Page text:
10 ‘cat’ Command Examples for Beginners

cat” is one of the commands that is used mostly in our everyday activities, so far as the terminal is concerned. It is mostly used with text files for displaying, combining (concatenating) and creating new ones.

Here are 10 useful examples of such cat commands for beginners.

1. Creating a new file

The most common use of cat is viewing text files even though you can do this by using a GUI text editor like gedit, this is faster and saves you from all those double clicking.

To create a new file you use the syntax below, hit the Enter key and type the content of the file:

After entering the content of the file save it and quit by pressing Ctrl + D. Always press Ctrl + D to effect changes to the file.



2. Displaying files


You can also use cat to display multiple files with one line of command.


To clearly view the files, you can insert blank lines before and after the texts in the files by pressing the Enter key.

3. Appending text to file

The above command keeps the existing content of the unixmen.txt file and appends your new text entered at the end of it.


4. Displaying line numbers

This feature of cat displays the line numbers beside each line in the terminal by using the following:

Using -n on cat numbers all lines including blank lines:


To display line numbers excluding blank lines use -b instead of -n:


5. Display total line number 

This prints out or displays the total number of lines in the text file.


The command below displays the total number of characters in the text file.


6. Copying files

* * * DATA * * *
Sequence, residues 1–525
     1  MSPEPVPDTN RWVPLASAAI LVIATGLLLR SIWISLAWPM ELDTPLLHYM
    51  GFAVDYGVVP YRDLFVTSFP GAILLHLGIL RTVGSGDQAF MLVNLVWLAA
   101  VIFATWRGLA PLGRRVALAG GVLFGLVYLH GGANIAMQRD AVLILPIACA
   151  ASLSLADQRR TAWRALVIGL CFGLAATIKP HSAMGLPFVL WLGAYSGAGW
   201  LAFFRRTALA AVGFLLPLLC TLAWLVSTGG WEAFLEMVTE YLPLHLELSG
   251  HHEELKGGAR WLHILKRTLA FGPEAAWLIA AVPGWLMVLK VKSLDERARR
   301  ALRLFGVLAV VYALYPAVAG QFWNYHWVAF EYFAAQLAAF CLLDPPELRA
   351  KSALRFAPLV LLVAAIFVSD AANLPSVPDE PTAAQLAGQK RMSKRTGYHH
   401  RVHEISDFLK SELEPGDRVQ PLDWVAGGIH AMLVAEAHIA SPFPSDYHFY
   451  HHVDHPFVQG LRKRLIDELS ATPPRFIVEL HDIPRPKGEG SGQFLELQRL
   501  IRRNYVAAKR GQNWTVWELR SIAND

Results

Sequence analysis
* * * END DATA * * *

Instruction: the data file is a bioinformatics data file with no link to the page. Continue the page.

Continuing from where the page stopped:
cat can be used to produce duplicates of file giving them another names. Assuming you want copy the contents of a file named unixmen.txt to unixmen3.txt, below is the syntax to use:

Displaying both files gives you the same output.


The “>” (mostly called greater than) known as redirection operator in this case. It tells cat command to copy to the content of one file to another.

7. Concatenating files

Concatenation simply means bringing together multiple files to form one file. The files concatenated are not in anyway affected. As shown in the example below two files have been put together to make a single file named unixmen3.txt:


8. Squeezing blank lines

Adding -s to cat command squeezes repeating blank lines into one:

9. Show non-printing characters

To display non-printing characters such as ^V and ^M when you press Ctrl+V and Ctrl+M respectively, in the terminal. Using -u with cat command will output them:

10. More displaying options

To display number of lines from the beginning of a text file use the syntax below:

An example:


The command above works like this; Open the unixmen.txt file, the |head -3 tells cat command to print out only the first 3-lines (from the beginning) of the file.

To do this in the reverse way, that is output the last 3-lines (from the end) of the file.

Replace head with tail, resulting in:




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